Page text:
Stephen Petranek, in spite of a long and productive career in the world of journalism (senior editor at Life Magazine, editor-in-chief at This Old House magazine, editor-in-chief at Discover Magazine), is perhaps best know for a TED talk from 2002 entitled “10 Ways the World Could End” (you can find it here; it’s less than 30 minutes…we’ll wait). Over a million and a half people have viewed his TED talk.
Once you have viewed that video (or if you already understand the inherent danger of our species inhabiting one single rock in the Universe), you will understand why Stephen’s new TED book How We’ll Live On Mars is less a call to action and more a book that postulates humans will be on Mars sooner than any of us believe, mainly because there are several well placed, wealthy and highly motivated people in the private sector who “get it.” The fact that going to Mars is not only good for the species but could end up being very lucrative doesn’t hurt.
How We’ll Live On Mars goes through several topics including which company(s) will most likely get us there; the major challenges to living on Mars immediately and in the future; and comparisons of Martian emigration to the emigration of thousands of Europeans to the “new world” in the late 1600s and early 1700s. At 72 pages it is a quick read, but it covers all of these topics logically and thoughtfully.
Like many, I am a child of the Apollo program. Through the 2nd grade, we lived in Florida, in a small town named Indian Harbor Beach. My dad would go to the South Atlantic before a launch, to a place called Ascension Island, to await whatever was salvageable in the jettisoned rocket stages. My mother would put me, my brother and sister on the roof of our house to watch the launches. Mankind got to the moon when I was eight; I was sure there was more to follow. Like many, my expectations were, to put it mildly, not met.
There had to be a plan for what would come after Apollo. But von Braun’s Mars plan lost out to the space shuttle program – in part because military and intelligence agencies thought the space shuttle could be extremely useful for launching and repairing spy satellites. Although everything NASA does is supposed to be completely transparent and public, in the decade from 1982 to 1992, the agency launched eleven classified shuttle missions. Much of the shuttle’s design was driven by military and intelligence agency requirements. Nixon also decided to kill von Braun’s Saturn V rocket, the largest and best heavy-lift rocket ever conceived. Without that ship to sail on, interplanetary travel was doomed. Had the United States committed to Mars instead of the space shuttle, we likely would have a permanent base there now. Von Braun, seeing that he and NASA were headed in different directions, retired from the agency in 1972. (pg. 13)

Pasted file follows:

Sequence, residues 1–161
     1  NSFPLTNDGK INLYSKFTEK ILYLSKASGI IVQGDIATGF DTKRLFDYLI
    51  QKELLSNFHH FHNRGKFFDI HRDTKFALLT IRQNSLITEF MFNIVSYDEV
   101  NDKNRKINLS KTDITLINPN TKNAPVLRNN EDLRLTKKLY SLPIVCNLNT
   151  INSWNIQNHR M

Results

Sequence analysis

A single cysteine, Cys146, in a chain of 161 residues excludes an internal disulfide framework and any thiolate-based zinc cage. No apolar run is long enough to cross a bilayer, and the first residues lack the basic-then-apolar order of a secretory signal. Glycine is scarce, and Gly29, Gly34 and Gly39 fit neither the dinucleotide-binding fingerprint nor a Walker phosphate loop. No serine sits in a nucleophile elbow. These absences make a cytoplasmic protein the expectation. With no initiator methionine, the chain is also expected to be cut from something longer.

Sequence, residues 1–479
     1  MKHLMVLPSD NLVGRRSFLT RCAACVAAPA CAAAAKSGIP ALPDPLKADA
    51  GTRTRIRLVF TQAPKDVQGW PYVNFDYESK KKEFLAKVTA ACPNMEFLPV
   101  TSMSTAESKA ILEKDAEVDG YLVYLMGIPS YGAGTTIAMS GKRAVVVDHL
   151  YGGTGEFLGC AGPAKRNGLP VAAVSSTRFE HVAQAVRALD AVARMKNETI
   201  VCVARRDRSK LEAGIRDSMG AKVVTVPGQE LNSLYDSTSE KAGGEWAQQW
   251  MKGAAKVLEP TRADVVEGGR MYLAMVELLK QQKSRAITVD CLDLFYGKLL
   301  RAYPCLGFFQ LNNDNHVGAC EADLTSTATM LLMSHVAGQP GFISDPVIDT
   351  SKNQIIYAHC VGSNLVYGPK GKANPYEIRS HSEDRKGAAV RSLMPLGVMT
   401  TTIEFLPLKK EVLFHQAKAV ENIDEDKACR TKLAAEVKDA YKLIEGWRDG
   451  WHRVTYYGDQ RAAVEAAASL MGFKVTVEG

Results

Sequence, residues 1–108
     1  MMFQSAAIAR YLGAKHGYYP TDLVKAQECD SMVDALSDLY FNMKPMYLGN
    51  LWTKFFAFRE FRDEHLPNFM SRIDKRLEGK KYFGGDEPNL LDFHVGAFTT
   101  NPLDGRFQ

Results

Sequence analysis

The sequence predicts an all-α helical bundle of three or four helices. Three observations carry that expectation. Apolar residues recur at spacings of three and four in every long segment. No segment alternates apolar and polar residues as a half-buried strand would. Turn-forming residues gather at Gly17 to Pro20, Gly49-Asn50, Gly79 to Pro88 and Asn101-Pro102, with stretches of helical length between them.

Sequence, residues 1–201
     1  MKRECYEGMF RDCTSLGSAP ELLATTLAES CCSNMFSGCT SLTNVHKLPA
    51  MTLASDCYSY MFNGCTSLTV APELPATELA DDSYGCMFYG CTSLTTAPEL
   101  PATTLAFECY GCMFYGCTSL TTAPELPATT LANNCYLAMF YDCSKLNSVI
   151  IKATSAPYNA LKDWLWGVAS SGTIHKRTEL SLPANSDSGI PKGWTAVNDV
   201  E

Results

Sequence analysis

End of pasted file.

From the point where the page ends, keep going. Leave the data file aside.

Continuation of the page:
Now, a new generation of entrepreneurs are pushing the boundaries of space technology, with their eyes on Mars. How We’ll Live on Mars details this, the challenges of living on Mars, and much more.
Stephen was kind enough to participate in a back and forth email question interview.
Larry Ketchersid: One of the main postulates of your book is that the private sector will lead the push to Mars. Besides funding, what roll do you believe NASA will take? What roll will other governments take?
Stephen Petranek: NASA’s SLS/Orion rocket system will prove to have the same flaw as the Space Shuttle—far too expensive to get much use. NASA has gotten really good at creating smart machines like MOXIE to produce rocket fuel (as well as O2 for breathing) and WAVAR for water production. But it has proven lousy at rocketry and its contracting on a cost-plus basis has been disastrous. Once SpaceX perfects reusable rockets it will make no sense to launch with anything else. That said, I wouldn’t be surprised to see CEO Elon Musk put most of his rocket patents into the common domain as he has done with Tesla’s patents. NASA would be ever so much more amazing and useful if they’d simply contract with SpaceX to build their rockets. Then NASA could control the overall objectives of where they should be pointed and why. NASA could be quite good at big thinking and strategy if released from the mechanics of exploration. But if it doesn’t partner with a promising private company like SpaceX, they’ll quickly find themselves pointless.
LK: The Internet bubble of the 90s and the millionaire/billionaires it created are fueling the space private sector, giving companies enough funding to (eventually) surpass the achievements of the government sector: SpaceX (Musk), Blue Origin (Jeff Bezos), Planetary Resources (several), even Armadillo Aerospace (which John Carmack winded down). There are also others with non-traditional funding models like Copenhagen Suborbitals (non-profit) and Mars One (non-profit, reality TV funded?). Who besides SpaceX do you think will play a prominent role in getting to Mars?
SP: At this time SpaceX is the only contender that is likely to get to Mars other than NASA with the possible exception of the Chinese government’s space program. No other entity is both interested and has the resources. Jeff Bezos and Paul Allen and Sir Richard Branson have no plans at all for getting farther than Earth orbit. Larry Page and Eric Schmidt and James Cameron plan to mine asteroids, not go to Mars, though they may eventually be tempted by Mars’ weak gravitational field and proximity to the asteroid belt. Mars One would like to go but has no money and will find it far less expensive to buy tickets from SpaceX than build or finance its own rockets and habitats. Dennis Tito isn’t interested in more than a showy flyby.